A recent study of nearly 50,000 infectious-disease patients found that those who were consistently inactive were at greater risk of death due to the virus than those who engaged in exercise. The study, which relied on the “Exercise Vital Sign” measurement developed by Kaiser Permanente Southern California, found that even those who were active on an inconsistent basis were at lower odds for severe COVID-19 compared to those who were inactive.
“This is a wake-up call for the importance of healthy lifestyles and especially physical activity,” Robert E. Sallis, M.D., a family and sports medicine physician at the Kaiser Permanente Fontana Medical Center, said, in a news release posted to EurekAlert.org. “Kaiser Permanente’s motivation is to keep people healthy, and this study truly shows how important that is during this pandemic and beyond. People who regularly exercise had the best chance of beating COVID-19, while people who were inactive did much worse.”
Sallis said that walking at a moderate pace for 30 minutes daily could “give you a tremendous protective effect” against the virus.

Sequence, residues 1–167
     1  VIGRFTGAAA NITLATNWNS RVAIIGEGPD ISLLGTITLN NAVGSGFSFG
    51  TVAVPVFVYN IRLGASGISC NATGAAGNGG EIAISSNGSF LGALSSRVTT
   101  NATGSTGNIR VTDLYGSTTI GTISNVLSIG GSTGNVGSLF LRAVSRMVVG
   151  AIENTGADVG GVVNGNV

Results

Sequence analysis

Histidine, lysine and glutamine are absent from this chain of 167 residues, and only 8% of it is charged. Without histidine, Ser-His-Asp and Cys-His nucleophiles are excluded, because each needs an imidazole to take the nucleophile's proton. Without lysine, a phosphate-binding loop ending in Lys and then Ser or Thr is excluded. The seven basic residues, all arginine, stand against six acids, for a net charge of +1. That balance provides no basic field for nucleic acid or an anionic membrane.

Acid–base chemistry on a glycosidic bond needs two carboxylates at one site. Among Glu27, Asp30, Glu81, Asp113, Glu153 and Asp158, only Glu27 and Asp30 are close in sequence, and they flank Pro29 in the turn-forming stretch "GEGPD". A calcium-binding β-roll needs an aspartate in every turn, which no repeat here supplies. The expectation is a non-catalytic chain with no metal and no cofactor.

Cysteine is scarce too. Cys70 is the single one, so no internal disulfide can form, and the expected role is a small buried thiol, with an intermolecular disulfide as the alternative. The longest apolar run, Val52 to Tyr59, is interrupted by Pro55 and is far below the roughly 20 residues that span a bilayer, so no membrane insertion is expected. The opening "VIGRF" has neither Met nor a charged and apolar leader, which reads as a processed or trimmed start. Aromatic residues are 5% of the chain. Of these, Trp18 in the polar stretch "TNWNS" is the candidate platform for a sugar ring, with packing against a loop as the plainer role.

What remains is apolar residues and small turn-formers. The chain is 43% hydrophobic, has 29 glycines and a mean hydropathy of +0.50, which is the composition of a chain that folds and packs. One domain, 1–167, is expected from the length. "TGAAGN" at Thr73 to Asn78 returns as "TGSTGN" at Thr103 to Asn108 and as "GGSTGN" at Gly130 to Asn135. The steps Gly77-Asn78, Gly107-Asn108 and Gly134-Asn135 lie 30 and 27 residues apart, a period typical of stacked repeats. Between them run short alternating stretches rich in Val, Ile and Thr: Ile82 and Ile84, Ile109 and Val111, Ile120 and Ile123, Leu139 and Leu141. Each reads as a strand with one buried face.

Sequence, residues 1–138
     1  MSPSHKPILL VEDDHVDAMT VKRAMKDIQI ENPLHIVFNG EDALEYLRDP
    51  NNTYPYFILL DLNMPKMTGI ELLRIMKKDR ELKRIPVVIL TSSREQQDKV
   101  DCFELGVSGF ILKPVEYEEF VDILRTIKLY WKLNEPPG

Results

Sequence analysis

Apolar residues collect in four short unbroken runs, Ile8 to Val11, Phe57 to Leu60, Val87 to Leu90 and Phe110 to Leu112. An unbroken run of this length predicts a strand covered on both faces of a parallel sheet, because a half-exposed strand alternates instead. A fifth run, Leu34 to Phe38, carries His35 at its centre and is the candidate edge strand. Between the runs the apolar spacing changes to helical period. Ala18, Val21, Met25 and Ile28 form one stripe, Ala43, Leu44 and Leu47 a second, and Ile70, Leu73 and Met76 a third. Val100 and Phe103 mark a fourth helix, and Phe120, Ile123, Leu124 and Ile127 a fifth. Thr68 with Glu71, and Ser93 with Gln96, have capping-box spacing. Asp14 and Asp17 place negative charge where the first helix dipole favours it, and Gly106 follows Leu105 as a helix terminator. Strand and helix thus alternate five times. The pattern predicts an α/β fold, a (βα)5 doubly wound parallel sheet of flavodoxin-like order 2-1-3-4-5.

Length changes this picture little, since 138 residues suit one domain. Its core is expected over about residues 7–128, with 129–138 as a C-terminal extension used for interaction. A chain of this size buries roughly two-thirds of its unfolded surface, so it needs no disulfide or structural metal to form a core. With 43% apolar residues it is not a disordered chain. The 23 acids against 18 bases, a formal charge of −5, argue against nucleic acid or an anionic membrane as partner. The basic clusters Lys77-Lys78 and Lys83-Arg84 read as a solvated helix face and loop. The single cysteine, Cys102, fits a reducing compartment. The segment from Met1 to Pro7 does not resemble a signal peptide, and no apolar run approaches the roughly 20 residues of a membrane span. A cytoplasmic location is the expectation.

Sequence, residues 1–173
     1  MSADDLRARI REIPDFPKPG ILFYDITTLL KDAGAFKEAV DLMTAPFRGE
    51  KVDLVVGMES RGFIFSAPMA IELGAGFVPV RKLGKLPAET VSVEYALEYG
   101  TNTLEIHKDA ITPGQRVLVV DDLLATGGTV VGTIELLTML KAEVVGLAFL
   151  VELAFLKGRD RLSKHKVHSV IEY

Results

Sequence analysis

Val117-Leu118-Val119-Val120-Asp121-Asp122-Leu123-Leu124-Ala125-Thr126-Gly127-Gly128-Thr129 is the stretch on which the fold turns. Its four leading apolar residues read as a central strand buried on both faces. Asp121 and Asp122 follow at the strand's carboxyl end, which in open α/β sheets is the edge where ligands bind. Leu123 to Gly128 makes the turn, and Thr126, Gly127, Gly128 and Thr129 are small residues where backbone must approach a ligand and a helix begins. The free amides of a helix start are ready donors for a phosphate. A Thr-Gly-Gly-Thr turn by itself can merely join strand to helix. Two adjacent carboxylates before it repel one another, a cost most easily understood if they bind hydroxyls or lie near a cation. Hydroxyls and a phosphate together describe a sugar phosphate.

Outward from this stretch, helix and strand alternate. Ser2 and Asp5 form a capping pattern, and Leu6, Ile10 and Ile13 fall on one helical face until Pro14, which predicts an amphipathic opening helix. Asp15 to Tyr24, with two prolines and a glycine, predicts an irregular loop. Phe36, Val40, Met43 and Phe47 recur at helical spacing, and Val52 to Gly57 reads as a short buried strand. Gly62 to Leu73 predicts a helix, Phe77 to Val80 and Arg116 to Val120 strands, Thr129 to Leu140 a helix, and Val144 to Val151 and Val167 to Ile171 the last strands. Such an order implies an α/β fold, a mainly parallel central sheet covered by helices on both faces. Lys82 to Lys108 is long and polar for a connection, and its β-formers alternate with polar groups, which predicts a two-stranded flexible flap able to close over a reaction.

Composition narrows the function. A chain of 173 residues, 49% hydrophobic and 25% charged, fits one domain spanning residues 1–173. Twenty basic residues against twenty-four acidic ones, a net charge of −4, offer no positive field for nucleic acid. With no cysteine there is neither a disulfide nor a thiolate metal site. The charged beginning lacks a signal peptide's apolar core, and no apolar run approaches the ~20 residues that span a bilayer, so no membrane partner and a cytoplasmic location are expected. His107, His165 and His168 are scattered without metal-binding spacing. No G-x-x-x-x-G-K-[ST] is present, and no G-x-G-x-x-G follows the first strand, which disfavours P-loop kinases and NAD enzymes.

The study, published in the British Journal of Sports Medicine, focused on 48,449 adults diagnosed with COVID-19 between January 1, 2020 to October 21, 2020 who had at least two measures of their “Exercise Vital Signs” between March 2018 and March 2020. From the data, researchers found 6.4% of patients were consistently active, while 14.4% were consistently inactive.
Overall, 8.6% of the patients involved in the study wound up hospitalized, while 2.4% were admitted to the ICU and 1.6% died. However, the researchers found that being consistently inactive more than doubled the odds of hospitalization among this group, and that the risk of death was 2.49 times greater for these patients compared to those who were consistently active.
Among all patients, those who were consistently inactive coupled with having a history of organ transplant and being over age 60 were at greatest risk of COVID-19 death.
“What surprised me most from this study was the strength of the association between inactivity and poor outcomes form COVID-19,” Deborah Rohm Young, Ph.D., a study co-author from Kaiser Permanente Southern California Department of Research & Evaluation, said in the news release. “Even after we included variables such as obesity and smoking in the analysis, we still saw inactivity was strongly associated with much higher odds of hospitalization, ICU admission, and death compared with moderate physical activity or any activity at all.”